Games can be powerful vehicles for gender identity exploration and self-reflection but are often subject to designers' biases including gender representation, limiting such opportunities. Using a game jam as a research-through-design method, alongside qualitative interviews with the creators, this paper explores how the process of creating games and the games themselves can facilitate exploration of and reflection on gender identity. We highlight aspects of identity people want to explore; how different game elements can support processes of exploring these, and what aspects are missing in games. Further, the process of creating and playing helped participants reflect on and reframe their understanding of gender regardless of their identity/experience. Finally, we reflect on the process of designing an inclusive jam around the topic of gender identity, which can be sensitive and divisive. Our work results in implications for the design of games and other potential tools for gender exploration.
Play-to-Earn (P2E) crypto-games recently emerged as a gig opportunity despite the absence of regulations. As these platforms continue to grow, there is a need to understand the interactions involved to protect vulnerable stakeholders. This paper describes how an unintended social dynamic became a strategy guiding players to navigate an unregulated space. First, we inquired through surveys ($N=69$) and interviews ($N=9$) to understand stakeholder motivations and practices in this space. Second, we analyzed data and then conceptualized eight themes (e.g., Management, Social, Gaming). Then, we uncovered four types of relationships (e.g., Manager-Scholar, Manager-Investor-Scholar, Coach-Mentee, Scholar-Turned-Manager) that shaped the behaviours of the different users on the platform. Lastly, we present design implications and recommendations to guide the design of P2E crypto games and the gig-focused communities that thrive around them. Our results contribute to ongoing discussions in designing digital gig economies and crypto-based games.
Given the high attentional demand in aircraft cockpits, tactons can be used to deliver information without overloading the visual and auditory channels. However, aircraft are subject to turbulence that interfere with vibrotactile feedback. To investigate the impact of turbulence on tacton identification, 18 participants tried to identify 9 tactons with varying intensity and rhythm, while experiencing uncomfortable and very uncomfortable levels of mechanical vibration defined in ISO 2631-1. The results show that the effectiveness of tactile communication decreases with the rhythm identification performance as the level of turbulence increases. In our study, an RMS acceleration delta of 0.70~Grms between two consecutive tactons guaranteed near zero confusion. Based on their experience performing the study, participants built tactons that included 4 pulses, lasted for at least 350~ms and vibrated at no less than 1.25~Grms to be comfortably perceived. Our results will support practitioners for designing tactons that can be more resilient to turbulence.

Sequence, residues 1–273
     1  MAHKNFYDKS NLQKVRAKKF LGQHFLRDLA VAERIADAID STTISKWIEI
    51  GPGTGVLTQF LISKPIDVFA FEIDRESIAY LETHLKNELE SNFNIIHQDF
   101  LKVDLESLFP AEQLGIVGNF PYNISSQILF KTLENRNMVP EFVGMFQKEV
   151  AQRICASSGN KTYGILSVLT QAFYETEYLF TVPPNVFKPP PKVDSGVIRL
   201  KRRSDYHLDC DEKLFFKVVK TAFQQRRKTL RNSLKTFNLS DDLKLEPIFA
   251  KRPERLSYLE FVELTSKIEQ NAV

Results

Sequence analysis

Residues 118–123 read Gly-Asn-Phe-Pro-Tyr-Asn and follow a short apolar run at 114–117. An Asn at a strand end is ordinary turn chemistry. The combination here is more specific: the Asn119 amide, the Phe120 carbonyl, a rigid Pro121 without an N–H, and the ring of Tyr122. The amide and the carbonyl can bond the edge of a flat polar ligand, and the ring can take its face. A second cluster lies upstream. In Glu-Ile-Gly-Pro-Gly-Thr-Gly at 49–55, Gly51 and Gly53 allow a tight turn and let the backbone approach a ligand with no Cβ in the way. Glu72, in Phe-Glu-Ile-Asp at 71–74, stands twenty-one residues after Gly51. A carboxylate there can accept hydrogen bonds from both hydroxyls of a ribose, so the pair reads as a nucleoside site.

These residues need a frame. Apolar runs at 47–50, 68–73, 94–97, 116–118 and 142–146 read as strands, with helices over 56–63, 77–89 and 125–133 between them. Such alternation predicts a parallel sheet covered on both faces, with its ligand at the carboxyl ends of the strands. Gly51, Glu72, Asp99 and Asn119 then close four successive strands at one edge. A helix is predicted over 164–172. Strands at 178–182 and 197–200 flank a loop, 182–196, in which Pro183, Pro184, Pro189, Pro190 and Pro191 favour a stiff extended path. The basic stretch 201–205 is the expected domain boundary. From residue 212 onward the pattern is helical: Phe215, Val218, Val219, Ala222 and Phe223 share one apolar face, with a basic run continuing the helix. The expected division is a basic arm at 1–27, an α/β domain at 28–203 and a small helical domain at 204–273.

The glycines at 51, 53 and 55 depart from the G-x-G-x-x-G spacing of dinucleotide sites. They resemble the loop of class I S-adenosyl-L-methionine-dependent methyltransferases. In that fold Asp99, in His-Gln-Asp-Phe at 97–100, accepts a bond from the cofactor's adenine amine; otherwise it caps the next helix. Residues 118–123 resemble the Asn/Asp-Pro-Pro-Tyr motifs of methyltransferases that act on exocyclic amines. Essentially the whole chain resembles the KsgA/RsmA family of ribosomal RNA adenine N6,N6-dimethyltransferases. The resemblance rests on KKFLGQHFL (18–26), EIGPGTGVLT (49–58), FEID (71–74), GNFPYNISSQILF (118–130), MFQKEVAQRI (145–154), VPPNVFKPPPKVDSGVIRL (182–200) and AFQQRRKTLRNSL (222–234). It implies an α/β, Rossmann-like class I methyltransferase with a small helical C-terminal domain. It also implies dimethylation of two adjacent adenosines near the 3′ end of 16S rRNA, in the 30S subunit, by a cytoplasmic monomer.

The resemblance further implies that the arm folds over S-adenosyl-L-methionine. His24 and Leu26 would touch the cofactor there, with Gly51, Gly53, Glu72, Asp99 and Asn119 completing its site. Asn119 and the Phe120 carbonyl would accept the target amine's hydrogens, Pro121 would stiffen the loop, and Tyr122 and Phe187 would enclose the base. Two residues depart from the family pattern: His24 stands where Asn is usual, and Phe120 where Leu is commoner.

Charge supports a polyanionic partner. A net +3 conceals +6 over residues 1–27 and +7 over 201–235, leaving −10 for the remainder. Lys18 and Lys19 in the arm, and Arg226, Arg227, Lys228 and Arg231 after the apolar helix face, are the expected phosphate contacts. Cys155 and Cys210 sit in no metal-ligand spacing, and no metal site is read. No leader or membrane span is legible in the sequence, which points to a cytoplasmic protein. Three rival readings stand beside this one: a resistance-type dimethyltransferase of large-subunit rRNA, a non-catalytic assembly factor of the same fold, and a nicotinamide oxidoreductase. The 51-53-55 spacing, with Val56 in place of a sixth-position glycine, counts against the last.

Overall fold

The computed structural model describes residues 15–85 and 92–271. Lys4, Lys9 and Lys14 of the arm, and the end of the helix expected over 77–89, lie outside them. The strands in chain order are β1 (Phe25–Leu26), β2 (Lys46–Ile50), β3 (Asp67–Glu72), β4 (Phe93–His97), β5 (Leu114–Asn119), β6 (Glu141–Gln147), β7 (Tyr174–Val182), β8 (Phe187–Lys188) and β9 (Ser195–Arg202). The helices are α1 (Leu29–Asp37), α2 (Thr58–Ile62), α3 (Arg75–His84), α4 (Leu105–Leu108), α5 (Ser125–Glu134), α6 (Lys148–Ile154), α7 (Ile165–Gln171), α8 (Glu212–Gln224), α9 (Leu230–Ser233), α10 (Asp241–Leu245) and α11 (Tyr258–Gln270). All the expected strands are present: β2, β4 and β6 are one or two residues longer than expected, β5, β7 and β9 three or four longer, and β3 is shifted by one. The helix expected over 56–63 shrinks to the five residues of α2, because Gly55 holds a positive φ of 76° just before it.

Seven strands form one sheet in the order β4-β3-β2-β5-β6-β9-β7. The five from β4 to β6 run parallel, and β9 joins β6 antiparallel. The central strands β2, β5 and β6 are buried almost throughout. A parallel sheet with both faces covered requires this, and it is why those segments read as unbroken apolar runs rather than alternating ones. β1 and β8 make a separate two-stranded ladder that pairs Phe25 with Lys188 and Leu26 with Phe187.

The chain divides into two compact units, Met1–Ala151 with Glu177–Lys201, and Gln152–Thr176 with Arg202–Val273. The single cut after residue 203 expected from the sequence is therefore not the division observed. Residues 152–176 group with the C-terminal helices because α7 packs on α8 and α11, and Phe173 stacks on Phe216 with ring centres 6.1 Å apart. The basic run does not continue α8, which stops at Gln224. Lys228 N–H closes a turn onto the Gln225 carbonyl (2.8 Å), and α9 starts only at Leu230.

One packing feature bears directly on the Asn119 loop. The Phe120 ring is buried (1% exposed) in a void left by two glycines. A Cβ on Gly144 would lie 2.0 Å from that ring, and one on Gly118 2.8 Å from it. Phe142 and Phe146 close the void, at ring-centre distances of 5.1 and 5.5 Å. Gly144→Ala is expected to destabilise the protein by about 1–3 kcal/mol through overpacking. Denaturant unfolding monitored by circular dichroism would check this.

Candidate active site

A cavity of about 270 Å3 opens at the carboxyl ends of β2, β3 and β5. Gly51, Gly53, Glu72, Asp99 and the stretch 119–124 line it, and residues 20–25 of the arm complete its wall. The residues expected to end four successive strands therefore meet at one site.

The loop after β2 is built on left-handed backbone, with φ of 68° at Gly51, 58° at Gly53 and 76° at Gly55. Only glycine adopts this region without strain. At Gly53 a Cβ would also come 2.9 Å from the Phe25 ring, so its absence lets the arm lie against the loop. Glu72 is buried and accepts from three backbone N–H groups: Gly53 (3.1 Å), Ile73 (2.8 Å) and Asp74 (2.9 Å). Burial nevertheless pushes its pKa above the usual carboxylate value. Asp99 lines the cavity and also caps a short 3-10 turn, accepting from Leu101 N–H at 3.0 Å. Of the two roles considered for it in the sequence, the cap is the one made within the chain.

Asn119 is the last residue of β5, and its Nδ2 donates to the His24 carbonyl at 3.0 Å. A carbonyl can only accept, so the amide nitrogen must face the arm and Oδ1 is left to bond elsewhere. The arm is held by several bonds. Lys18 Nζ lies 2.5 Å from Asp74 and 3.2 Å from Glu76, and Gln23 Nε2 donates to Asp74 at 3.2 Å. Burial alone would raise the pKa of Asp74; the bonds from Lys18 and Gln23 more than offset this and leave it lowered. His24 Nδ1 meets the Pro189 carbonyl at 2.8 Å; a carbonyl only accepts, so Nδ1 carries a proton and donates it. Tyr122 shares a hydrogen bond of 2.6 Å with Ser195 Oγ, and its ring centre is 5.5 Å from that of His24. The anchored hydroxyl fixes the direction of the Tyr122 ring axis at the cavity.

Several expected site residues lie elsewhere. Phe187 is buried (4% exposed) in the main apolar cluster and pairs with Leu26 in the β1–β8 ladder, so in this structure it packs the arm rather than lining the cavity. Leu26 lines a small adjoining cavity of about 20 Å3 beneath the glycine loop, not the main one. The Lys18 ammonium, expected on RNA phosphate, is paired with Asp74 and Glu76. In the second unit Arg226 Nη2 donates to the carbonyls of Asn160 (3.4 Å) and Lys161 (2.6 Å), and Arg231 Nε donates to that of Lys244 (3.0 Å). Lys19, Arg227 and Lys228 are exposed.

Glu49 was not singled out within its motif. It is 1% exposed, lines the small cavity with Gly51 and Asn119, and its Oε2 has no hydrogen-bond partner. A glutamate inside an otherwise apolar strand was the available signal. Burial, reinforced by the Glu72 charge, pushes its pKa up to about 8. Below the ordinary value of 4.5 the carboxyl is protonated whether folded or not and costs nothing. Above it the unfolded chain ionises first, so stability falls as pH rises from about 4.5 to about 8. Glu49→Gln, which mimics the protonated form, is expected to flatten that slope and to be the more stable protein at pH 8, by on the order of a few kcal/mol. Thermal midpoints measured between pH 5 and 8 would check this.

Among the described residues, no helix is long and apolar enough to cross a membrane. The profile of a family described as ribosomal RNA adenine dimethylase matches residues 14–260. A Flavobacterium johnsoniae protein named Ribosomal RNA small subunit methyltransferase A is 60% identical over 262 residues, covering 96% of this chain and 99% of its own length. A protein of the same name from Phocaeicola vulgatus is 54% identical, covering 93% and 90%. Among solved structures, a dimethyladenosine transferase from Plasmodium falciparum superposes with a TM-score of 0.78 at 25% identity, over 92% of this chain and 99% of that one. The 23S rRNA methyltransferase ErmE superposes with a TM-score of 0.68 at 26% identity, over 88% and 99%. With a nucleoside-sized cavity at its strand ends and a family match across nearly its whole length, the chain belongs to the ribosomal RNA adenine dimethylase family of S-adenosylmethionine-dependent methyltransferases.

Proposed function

Safety has been used to justify the expansion of today's large-scale surveillance infrastructures in American cities. Our work offers empirical and theoretical groundings on why and how the safety-surveillance conflation that reproduces harm toward communities of color must be denaturalized. In a photovoice study conducted in collaboration with a Detroit community organization and a university team, we invited eleven Black mid-aged and senior Detroiters to use photography to capture their lived experiences of navigating personal and community safety. Their photographic narratives unveil acts of "everyday noticing" in negotiating and maintaining their intricate and interdependent relations with human, non-human animals, plants, spaces, and material things, through which a multiplicity of meaning and senses of safety are produced and achieved. Everyday noticing, as simultaneously a survival skill and a more-than-human care act, is situated in residents' lived materialities, while also serving as a site for critiquing the reductive and exclusionary vision embedded in large-scale surveillance infrastructures. By proposing an epistemological shift from surveillance-as-safety to safety-through-noticing, we invite future HCI work to attend to the fluid and relational forms of safety that emerge from local entanglement and sensibilities.
Digital fabrication in industrial contexts involves standardized procedures that prioritize precision and repeatability. However, fabrication machines are now available for practitioners who focus instead on experimentation. In this paper, we reframe hobbyist CNC milling as writing literate programs which interleave documentation, interactive graphics, and source code for machine control. To test this approach, we present Imprimer, a machine infrastructure for a CNC mill and an associated library for a computational notebook. Imprimer lets makers learn experimentally, prototype new interactions for making, and understand physical processes by writing and debugging code. We demonstrate three experimental milling workflows as computational notebooks, conduct a user study with practitioners with a range of backgrounds, and discuss literate programming as a future vision for digital fabrication altogether.